QUESTION: How is it inaccurate?
MR. TONER: Again – well, there’s reports that the Quartet provided Palestinian proposals to the Israelis.
QUESTION: No. I think it was the other way around, wasn’t it? Wasn’t it that the report was that the Palestinians provided their proposals to the Quartet?
QUESTION: Right. And then the Quartet passed it on to the Israelis.
QUESTION: Palestinians – the chief negotiator --
MR. TONER: But that part – I think we do view that as inaccurate. And again, I’m not going to talk about what proposals we --
QUESTION: Which –
MR. TONER: Sorry.
QUESTION: There’s a Quartet --
MR. TONER: I refuse to --
QUESTION: The Quartet didn’t give it to the Israelis.
MR. TONER: Right. That we said that those are not accurate, that reports that the Quartet provided the Palestinian proposals to the Israelis. And the reason why that’s important is, again, we’re moving towards a direct exchange between the parties and that face-to-face preparatory meeting where we can talk about proposals on territory and security. That’s our goal. So not – as Arshad has duly noted in the past, not the separate meetings but face-to-face meetings.
QUESTION: And so the Quartet will not be engaging in any kind of mediation where it would take the proposals from both sides and then bring them --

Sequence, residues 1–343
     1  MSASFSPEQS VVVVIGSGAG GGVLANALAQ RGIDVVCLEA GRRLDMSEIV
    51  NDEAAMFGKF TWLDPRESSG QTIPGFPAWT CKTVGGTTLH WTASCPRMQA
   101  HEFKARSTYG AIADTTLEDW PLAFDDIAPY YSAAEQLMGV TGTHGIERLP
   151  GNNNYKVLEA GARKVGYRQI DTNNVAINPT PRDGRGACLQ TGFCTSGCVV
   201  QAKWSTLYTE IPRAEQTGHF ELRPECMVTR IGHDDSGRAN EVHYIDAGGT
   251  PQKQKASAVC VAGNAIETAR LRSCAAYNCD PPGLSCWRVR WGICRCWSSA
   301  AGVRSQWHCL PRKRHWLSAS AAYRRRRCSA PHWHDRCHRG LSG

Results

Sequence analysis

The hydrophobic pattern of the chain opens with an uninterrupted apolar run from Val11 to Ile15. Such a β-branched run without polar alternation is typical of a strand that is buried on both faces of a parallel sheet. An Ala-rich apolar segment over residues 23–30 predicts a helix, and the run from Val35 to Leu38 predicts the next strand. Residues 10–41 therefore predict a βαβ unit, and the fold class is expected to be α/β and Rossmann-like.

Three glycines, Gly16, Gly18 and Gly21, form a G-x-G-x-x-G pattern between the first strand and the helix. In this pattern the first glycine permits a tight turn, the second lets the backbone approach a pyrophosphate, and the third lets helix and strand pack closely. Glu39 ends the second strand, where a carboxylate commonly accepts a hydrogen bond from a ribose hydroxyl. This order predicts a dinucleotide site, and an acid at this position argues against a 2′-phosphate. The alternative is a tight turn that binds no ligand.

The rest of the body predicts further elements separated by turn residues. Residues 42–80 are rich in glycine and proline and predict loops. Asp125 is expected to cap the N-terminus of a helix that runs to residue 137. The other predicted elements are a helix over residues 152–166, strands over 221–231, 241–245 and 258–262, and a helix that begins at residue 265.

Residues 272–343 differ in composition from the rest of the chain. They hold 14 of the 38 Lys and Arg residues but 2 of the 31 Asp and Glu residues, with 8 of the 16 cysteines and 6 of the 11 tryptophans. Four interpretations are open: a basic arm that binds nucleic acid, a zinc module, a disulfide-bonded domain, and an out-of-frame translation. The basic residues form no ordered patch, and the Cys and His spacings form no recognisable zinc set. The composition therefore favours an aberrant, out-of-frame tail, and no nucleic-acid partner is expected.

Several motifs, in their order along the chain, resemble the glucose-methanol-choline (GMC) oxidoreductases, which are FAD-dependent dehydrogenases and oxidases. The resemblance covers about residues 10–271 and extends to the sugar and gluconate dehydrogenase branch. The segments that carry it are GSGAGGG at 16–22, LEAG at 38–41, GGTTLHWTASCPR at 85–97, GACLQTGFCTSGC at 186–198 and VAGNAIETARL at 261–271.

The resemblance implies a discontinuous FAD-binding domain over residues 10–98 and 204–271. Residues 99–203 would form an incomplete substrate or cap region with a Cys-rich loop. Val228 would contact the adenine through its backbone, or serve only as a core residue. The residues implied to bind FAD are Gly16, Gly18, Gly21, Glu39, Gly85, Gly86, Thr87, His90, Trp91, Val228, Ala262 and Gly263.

MR. TONER: My understanding is that we want these proposals – we want both sides to work on proposals but then be brought into a setting where they negotiate on them directly.
QUESTION: Now, is it correct that the Palestinians asked you to pass their proposal to the Israelis and that the Quartet denied that request?
MR. TONER: I can’t answer that. I don’t know.
QUESTION: The Palestinians provided a proposal to the Quartet or not? My assumption is not, but --
MR. TONER: Again, I don’t – I just don’t want to confirm that in any way. Our focus remains on working towards this preparatory meeting where we do have the proposals to discuss.
QUESTION: So unless this first meeting, the direct talks, begin, then there will be no exchange of concrete proposals? Essentially, that’s – that first step has to be passed before you could get to the concrete proposals?
MR. TONER: Right. I mean, we want the preparatory meeting to be – that then would lead to a presentation of proposals on territory and security.
QUESTION: Sorry. Direct?
MR. TONER: Direct.
QUESTION: There’s a report also in Haaretz today saying that Netanyahu do not accept the Quartet approach, they are not going to present proposals to the Quartet.
MR. TONER: Again, let’s --
QUESTION: Any proposals shall be directly to the Palestinians in direct negotiations.
MR. TONER: Samir, I just – all these public statements and comments – we’re negotiating in private and confidentiality with the parties, and that’s how – I’m not going to --
QUESTION: But you still want the Israelis and the Palestinians to present proposals to the Quartet?
MR. TONER: Again, we’ve – the Quartet process does envision a preparatory meeting that leads to the presentation of proposals on territory and security.
QUESTION: To each other?
MR. TONER: Right.
QUESTION: Mark, Hugo Chavez of Venezuela has convened a meeting of Latin American and Caribbean countries that says they’re forming a new grouping, and he says this is a counter to American influence in the region and kind of a successor to the venerable OAS. Do you have a response to that? I mean, is there any irritation here over it?